MOUNTAIN VIEW, Calif.--Austin, Texas-based Silicon Laboratories Inc. announced it had finished Q3 at the top of its revenue guidance at $119.1 million, despite weaker profits, macro-economic uncertainty and slower market demand.
Chief Financial Officer Paul Walsh said that while third quarter revenue was down 5.6 percent sequentially, the firm was able to hold firm to its previous predictions thanks to “strong operational performance.”
The company’s GAAP gross margin was slightly up last quarter at 61.2 percent, while R&D investment declined to $31.7 million.
Non-GAAP results showed a revenue mix that Walsh said “differed somewhat” from the firm’s initial expectations going in to the quarter, with Silicon Labs’ broadcast business coming in relatively flat, while the company’s Broad-based and Access products saw “larger macro-related declines.”
“Given the mix shift, gross margins was down 60 basis points to 61.5%. We expect that margins remain in this range in Q4,” he said. Company profits were down nearly 38 percent while revenue declined almost 1 percent from the same quarter last year.
The firm said it had managed to reduce spending by around 5 percent, however, with R&D decreasing to 28.1 million, resulting in a net income of $19.1 million and earnings per share of $0.44, above earlier guidance. The company ended Q3 with $301 million in cash and short-term securities.
Walsh attributed some of what he called “the impressive earnings result” to Silicon Labs’ aggressive buyback activity whereby the firm spent $86 million in Q3 to buy-back 2.5 million shares.
The company’s president and CEO Necip Sayiner said it was clear that the early indications the firm had seen in July of weakening end markets “were not unique to Silicon Labs,” and while the firm had recognized the slowdown early, its visibility had still been limited and resulted in a “revenue composition change” over the course of the quarter.
Sayiner said broadcast had actually performed better than expected, “led by solid Audio demand and a less steep decline in Video.”
Silicon Labs’ FM tuner business saw a seasonal lift, with Sayiner adding that all audio products in general continued “to generate strong design win activity.”
TV tuners and demodulator shipments declined, said Sayiner, due to TV makers locking out inventory, but the CEO said he believed the inventory correction had now largely been addressed, and that Silicon Labs’ Video segment would be up by the end of Q4.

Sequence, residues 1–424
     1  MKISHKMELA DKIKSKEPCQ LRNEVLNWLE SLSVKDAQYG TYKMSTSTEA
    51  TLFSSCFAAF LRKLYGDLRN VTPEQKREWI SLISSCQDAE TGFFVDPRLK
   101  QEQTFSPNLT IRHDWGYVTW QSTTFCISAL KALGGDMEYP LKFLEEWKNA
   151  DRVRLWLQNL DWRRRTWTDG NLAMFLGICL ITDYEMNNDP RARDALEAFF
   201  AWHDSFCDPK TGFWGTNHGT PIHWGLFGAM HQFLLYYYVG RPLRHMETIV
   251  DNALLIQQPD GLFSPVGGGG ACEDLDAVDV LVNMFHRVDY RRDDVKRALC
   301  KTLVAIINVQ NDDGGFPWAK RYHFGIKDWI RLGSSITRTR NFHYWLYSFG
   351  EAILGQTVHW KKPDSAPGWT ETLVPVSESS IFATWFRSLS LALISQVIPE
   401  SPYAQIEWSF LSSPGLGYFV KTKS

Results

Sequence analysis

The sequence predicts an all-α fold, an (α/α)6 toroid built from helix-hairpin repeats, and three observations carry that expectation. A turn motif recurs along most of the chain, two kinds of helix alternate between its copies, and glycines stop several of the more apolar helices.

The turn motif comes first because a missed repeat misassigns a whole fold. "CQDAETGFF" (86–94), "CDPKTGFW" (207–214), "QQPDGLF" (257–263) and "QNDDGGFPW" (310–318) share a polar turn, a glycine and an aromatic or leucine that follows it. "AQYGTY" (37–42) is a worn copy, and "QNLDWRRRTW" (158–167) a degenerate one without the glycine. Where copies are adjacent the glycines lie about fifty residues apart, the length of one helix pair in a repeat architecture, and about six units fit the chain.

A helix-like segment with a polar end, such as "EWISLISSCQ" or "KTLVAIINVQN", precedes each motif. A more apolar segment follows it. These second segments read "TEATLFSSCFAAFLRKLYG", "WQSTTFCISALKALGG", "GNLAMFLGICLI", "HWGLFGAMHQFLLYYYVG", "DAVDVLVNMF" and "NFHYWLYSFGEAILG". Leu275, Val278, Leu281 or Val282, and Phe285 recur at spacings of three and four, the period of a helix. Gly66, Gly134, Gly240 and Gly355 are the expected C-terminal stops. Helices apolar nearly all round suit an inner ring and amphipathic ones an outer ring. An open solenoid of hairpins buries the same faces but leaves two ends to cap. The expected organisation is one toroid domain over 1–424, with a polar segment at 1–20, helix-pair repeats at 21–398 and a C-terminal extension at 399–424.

“From a competitive standpoint, I feel very good about our position going into 2012. The degree of penetration we are seeing at tier 1 TV makers is meaningful and could represent significant upside when TV sell-through improves,” he said.
Silicon Labs is expanding its portfolio in the TV market and Sayiner said he believed his firm had “the broader set of offerings for iDTVs globally.”
The firm recently announced its silicon tuner family targeted at tier 2 TV makers selling to the emerging markets, which Sayiner said represented “an untapped segment where silicon tuner penetration is virtually 0.”
The firm also recently released its latest generation hybrid silicon tuner.
“We now provide TV makers with a full range of options from analog or digital-only tuners, to full-featured and fully integrated receivers, a portfolio unmatched by competitors,” he said, noting that this enabled a single PCB design, as well as time and cost savings by using a single software API and predictable RF performance regardless of the SKU.
Sayiner said Silicon Labs’ Timing product line had “surprised” the firm by delivering another record quarter. “We also secured a record number of design wins and identified new opportunities in applications including wireless video and data streaming, docking stations, IP phones and solid-state storage,” he said.
In terms of the telecom market, however, Sayiner was less optimistic, saying he did not expect much of a recovery in Q4. “We're positioned well with tier 1 telecom OEMs, and have new business ready to wrap with our mid-range products. So if any sustained improvement in this space does materialize, it would represent upside,” he said.
Sayiner went on to express optimism about his firm’s touch controller which recently got a big design win from Samsung Electronics, to be included in the Korean firm’s Galaxy Y family.
Looking towards the fourth quarter, Sayiner said the firm was expecting revenue to be in the range of up 3 percent to down 3 percent sequentially, with gross margins expected to stay within their current range. He also said Silicon Labs expects operating expenses to increase by between 2 and 3 percent, to reflect more tape-out activity in Q4.